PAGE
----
Tuesday, December 8, 2015

Caspar David Friedrich - The Stages of Life

Caspar David Friedrich - The Stages of Life (Die Lebensstufen, 1835)

Both Friedrich's life and art are marked with an overwhelming sense of loneliness. Caspar Friedrich (1774 – 1840) suffered many depressive episodes which see the emergence of such motifs and death symbols as vultures, owls, graveyards and ruins in his art. From 1826 these motifs became a permanent feature of his output, while his use of color became more dark and muted. In 2004 the psychiatrist Carsten Spitzer wrote that he believed during his life, Friedrich suffered prolonged inertia, a suicide attempt and what the artist himself described as a "dreadful weariness.”

The aged man is the artist himself, the small boy is his young son Gustav Adolf, the young girl is his daughter Agnes Adelheid, the older girl is his daughter Emma, and the man in the top hat is his nephew Johann Heinrich. The figures are echoed by five ships shown in the harbour, each at a different distance from the shore, an allegorical reference to the different stages of human life, to the end of a journey, to the closeness of death.

The Stages of Life is recognizably located at Utkiek, near Friedrich's birthplace of Greifswald in today's northeastern Germany. This area used to be part of Swedish Pomerania from 1613 until 1815.

Museum der bildenden Künste, Leipzig

found on: gandalfsgallery

next episode: London roads

3 comments:

  1. What a beautiful depiction. Certainly a tribute to his affection toward Emma (as central with the most clarity.) I especially enjoy the progression illustrated not only by the nearness to the horizon (or distance from shore) but the increasing sail area until we see the most distant craft under full sail - the same condition mimicked in the person of the artist, appearing himself to be fully decked out in sailcloth. This symbolism continues in spades suggesting so very much more that is probably best for the viewer of this masterpiece to work out for their own enjoyment.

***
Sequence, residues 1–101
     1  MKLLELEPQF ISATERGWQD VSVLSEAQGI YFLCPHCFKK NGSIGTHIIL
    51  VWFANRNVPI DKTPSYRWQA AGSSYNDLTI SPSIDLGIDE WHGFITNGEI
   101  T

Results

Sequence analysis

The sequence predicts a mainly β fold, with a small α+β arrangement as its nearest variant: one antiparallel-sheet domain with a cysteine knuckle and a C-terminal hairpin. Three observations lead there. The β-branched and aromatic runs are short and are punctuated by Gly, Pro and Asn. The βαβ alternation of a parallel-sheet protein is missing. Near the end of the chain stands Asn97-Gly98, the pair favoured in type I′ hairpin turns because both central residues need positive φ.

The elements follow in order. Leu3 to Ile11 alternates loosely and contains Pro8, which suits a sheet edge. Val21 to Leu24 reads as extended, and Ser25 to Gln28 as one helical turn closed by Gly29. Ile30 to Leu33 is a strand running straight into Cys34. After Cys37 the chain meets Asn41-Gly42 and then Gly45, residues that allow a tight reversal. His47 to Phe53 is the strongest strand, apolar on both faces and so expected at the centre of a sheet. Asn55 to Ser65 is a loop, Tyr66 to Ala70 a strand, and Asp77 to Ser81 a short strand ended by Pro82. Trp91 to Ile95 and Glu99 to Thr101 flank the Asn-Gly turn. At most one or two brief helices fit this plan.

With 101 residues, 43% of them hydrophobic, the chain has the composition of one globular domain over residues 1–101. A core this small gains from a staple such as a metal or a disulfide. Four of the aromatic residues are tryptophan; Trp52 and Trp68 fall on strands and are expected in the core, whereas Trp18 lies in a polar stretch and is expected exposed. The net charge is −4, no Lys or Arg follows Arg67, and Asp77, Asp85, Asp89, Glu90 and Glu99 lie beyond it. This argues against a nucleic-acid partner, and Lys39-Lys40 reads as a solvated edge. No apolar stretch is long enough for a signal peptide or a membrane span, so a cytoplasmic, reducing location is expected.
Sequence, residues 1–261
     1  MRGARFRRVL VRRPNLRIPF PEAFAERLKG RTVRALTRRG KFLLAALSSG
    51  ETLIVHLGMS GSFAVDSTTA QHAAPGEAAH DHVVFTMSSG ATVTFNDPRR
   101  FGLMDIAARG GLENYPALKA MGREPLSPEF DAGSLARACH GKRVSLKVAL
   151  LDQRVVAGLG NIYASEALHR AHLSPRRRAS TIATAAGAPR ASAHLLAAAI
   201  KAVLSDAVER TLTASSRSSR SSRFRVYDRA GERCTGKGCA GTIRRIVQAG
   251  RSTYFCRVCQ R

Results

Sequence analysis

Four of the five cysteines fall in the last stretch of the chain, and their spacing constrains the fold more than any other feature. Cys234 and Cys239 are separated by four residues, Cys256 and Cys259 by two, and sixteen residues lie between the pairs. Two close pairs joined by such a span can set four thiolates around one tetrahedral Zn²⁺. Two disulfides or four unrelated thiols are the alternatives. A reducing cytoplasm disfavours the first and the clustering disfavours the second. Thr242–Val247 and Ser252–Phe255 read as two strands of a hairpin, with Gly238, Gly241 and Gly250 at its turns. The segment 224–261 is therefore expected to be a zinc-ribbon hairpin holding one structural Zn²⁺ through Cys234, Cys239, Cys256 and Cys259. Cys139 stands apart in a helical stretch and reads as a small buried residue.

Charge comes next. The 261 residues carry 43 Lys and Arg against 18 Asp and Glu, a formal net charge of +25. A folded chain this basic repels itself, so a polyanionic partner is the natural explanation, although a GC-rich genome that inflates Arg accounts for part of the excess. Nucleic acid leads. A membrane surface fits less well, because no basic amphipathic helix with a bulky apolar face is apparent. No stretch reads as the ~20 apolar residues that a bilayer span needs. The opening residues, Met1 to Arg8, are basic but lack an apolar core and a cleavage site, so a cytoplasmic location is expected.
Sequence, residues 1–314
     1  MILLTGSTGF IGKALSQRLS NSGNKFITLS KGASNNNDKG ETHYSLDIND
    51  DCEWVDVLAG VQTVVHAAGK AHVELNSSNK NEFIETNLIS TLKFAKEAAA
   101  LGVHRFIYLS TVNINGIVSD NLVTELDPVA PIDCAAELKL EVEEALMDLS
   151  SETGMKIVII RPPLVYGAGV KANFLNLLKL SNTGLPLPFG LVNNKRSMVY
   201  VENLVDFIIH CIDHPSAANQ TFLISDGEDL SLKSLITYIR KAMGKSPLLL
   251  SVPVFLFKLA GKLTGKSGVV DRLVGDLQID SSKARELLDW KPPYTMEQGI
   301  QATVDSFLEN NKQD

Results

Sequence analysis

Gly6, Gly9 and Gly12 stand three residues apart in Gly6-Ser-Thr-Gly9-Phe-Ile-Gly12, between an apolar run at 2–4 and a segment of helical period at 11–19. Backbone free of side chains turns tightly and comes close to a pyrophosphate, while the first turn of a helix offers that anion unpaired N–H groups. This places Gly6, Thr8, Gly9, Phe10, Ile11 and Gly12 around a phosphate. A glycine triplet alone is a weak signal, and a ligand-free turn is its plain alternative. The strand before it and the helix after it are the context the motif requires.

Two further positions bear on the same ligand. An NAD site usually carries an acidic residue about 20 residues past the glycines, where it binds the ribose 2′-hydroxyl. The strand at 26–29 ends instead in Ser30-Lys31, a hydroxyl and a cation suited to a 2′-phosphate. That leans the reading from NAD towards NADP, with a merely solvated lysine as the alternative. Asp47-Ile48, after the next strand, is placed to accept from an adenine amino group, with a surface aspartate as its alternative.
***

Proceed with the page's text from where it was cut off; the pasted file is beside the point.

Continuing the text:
Suffice it to say, I see this expressing much vitality of spirit despite the infirmity of the flesh.

    Thanks Rob, I had never seen this before. I will remember it. Great post!

    ReplyDelete
  2. It’s new to me too - beautiful.

    ReplyDelete
  3. One of my fave artists. I saw a number of his paintings at the Alte Nationalgalerei in Berlin. The guard busted me for trying to take a photo (I didn't realize that gallery was off-limits for pictures.

    ReplyDelete

I love to read your remarks and suggestions!

Please don't comment using the name 'Anonymous', because unfortunately these will end up in the spam department, due to the large bots leaving anonymous comments with questionable links...

ShareThis

Gadgets By Spice Up Your Blog Real Time Web Analytics